Friday, June 25, 2010

Boston Highlights Part II~Union Oyster House, Parish Cafe

Mike wanted his seafood fix again, so we checked out America's oldest restaurant, the "Union Oyster House."
We arrived at 5:30pm and tried to get a table in the restaurant for dinner, but since we were there on Memorial Day weekend, we would have to wait for at least two hours for dinner. We then decided to eat in the bar for quicker service. 
Mike ordered a cold seafood platter ($13.95) that included shrimp, raw oysters, and raw cherrystone clams.  He loves all kinds of seafood, so enjoyed the whole plate of fresh seafood to himself. 
I, on the other hand, like my seafood cooked. I opted for a bowl of clam chowder. 

Union Oyster House
41 Union Street
Boston, MA 02108-2494
(617) 227-2750

We finished off one of our days with lunch at the Parish Cafe, which is known for sandwich creations from many chefs from popular restaurants in Boston. This restaurant was also recommended by my friend.

We were really full from all the eating that we had been doing, so we shared a sandwich. Mike let me order the sandwich and I chose the "The Schlesinger" ($12.50) which was created by Chris Schlesinger from the East Coast Grille in Cambridge, MA. On our flight over to Boston, the guy sitting next to us recommended the "East Coast Grille" for it's eclectic menu. Since we didn't have a chance to make it to the original restaurant, I settled for a sandwich created by the owner.

The Schlesinger was eclectic indeed! It was composed of monterey jack cheese and smoked ham on top of a warm banana nut bread and served with mango chutney and pickled ginger red cabbage. When I first took a bite of this sandwich, my mouth and tongue were a bit confused. There was the salty taste from the ham and cheese, the sweet and sour taste of the chutney, the acidic/pickled taste of the slaw, and then the sweetness of the banana. Tack on this sensory overload to the assortment of textures that accompanied this dish (viscous chutney, gooey cheese, crunchy slaw, crumbly slightly dense bread). The sandwich was quite quirky, but the funny thing was that all these tastes and textures actually combined to make a sandwich that worked. I thought it was pretty good, but did not like it enough to order it again. It was one of those sandwiches that you like after the first few bites, and then after a while you realize you cannot stomach down the whole thing.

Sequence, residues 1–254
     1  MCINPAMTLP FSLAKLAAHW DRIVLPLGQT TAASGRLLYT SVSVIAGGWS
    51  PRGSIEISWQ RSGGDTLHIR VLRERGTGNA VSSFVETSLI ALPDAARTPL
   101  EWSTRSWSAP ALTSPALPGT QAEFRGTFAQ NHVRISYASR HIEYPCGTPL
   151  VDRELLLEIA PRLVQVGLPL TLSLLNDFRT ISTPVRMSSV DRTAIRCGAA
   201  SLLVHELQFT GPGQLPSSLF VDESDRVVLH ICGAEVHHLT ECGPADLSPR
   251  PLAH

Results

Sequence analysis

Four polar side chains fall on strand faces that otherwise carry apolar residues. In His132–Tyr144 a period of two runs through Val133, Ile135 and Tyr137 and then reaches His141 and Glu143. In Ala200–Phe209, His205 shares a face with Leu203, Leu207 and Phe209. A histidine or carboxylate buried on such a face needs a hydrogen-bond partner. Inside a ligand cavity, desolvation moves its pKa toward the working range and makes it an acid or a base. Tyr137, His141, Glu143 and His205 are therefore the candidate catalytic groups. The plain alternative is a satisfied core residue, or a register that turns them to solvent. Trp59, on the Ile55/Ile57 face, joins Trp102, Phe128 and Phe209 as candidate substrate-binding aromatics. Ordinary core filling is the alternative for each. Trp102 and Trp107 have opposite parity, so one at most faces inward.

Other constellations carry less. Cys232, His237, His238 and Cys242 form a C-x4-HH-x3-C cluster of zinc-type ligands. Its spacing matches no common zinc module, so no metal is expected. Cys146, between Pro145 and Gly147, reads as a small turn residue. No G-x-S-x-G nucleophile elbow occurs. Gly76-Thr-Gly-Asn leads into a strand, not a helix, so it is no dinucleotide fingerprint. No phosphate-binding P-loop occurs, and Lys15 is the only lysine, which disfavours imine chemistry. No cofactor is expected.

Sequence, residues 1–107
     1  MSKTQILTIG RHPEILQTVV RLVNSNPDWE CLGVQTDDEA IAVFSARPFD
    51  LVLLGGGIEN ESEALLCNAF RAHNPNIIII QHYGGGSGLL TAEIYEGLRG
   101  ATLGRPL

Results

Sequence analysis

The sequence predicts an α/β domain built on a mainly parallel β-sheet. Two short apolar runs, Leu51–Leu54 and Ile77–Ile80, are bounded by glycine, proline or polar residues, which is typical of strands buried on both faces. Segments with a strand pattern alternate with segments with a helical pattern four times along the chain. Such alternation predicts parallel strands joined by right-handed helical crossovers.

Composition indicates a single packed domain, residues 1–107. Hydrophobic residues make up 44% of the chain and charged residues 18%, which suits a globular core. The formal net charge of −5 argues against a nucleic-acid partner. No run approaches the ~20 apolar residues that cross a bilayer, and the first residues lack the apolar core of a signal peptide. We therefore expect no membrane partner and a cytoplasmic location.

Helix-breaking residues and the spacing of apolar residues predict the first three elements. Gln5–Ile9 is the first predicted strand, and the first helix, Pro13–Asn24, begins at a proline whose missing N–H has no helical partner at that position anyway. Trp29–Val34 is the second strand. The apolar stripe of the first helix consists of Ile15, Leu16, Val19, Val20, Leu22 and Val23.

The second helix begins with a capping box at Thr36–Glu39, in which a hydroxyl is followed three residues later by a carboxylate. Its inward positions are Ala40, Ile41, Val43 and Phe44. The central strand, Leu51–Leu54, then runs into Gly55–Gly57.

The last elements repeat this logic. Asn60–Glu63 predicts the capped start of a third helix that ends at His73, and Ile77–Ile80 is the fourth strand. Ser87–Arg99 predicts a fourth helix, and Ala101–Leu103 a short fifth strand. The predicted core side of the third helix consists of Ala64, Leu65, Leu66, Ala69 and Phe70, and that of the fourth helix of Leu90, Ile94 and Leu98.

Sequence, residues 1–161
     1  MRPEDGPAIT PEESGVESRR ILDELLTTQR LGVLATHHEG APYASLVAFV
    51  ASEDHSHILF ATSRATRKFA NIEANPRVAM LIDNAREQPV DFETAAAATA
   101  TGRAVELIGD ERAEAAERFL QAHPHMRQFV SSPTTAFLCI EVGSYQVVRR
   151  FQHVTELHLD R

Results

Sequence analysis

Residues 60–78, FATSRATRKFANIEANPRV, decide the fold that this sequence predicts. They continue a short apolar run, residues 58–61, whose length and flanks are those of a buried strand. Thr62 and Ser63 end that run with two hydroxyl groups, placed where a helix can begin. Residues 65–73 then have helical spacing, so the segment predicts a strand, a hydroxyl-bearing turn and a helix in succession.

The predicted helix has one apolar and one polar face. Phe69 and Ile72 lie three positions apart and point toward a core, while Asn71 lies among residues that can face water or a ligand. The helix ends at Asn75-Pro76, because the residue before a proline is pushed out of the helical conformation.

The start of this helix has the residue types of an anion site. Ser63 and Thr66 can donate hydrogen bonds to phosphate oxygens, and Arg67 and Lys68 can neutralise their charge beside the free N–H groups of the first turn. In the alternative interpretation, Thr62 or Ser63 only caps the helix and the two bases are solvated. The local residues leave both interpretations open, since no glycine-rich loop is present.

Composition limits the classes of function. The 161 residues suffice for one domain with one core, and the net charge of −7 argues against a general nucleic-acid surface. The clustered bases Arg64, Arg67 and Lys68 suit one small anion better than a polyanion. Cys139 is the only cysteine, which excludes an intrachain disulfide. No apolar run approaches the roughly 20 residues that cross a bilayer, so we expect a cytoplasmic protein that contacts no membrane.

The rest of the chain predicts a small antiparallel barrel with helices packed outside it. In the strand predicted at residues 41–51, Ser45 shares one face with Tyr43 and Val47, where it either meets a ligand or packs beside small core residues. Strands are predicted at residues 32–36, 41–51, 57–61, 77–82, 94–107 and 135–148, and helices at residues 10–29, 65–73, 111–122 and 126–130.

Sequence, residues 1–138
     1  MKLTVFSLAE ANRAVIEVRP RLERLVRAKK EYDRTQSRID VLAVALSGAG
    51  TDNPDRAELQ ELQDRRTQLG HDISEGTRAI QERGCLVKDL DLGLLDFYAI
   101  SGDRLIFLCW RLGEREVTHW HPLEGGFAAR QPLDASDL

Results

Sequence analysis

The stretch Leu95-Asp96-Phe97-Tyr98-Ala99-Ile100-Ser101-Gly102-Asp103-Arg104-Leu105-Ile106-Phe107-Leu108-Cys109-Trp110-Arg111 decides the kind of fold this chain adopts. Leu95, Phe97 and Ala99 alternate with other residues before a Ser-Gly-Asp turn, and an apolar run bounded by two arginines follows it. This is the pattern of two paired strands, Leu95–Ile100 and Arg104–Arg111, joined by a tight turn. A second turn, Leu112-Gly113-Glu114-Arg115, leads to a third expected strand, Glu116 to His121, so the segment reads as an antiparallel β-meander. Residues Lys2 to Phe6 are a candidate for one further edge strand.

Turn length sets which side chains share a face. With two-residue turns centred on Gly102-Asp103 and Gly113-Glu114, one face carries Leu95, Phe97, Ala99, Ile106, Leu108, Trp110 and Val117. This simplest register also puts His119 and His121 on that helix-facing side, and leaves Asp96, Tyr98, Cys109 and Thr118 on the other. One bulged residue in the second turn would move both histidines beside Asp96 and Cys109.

Parish Cafe
361 Boylston Ave.
Boston, MA 02116
(614) 247-4777


GenkiBlogger said...

Hey, great reading your new entries! We have some places to look forward to during our visit!

genkitummy said...

Thanks Dad! I hope you and mom both had fun in Boston!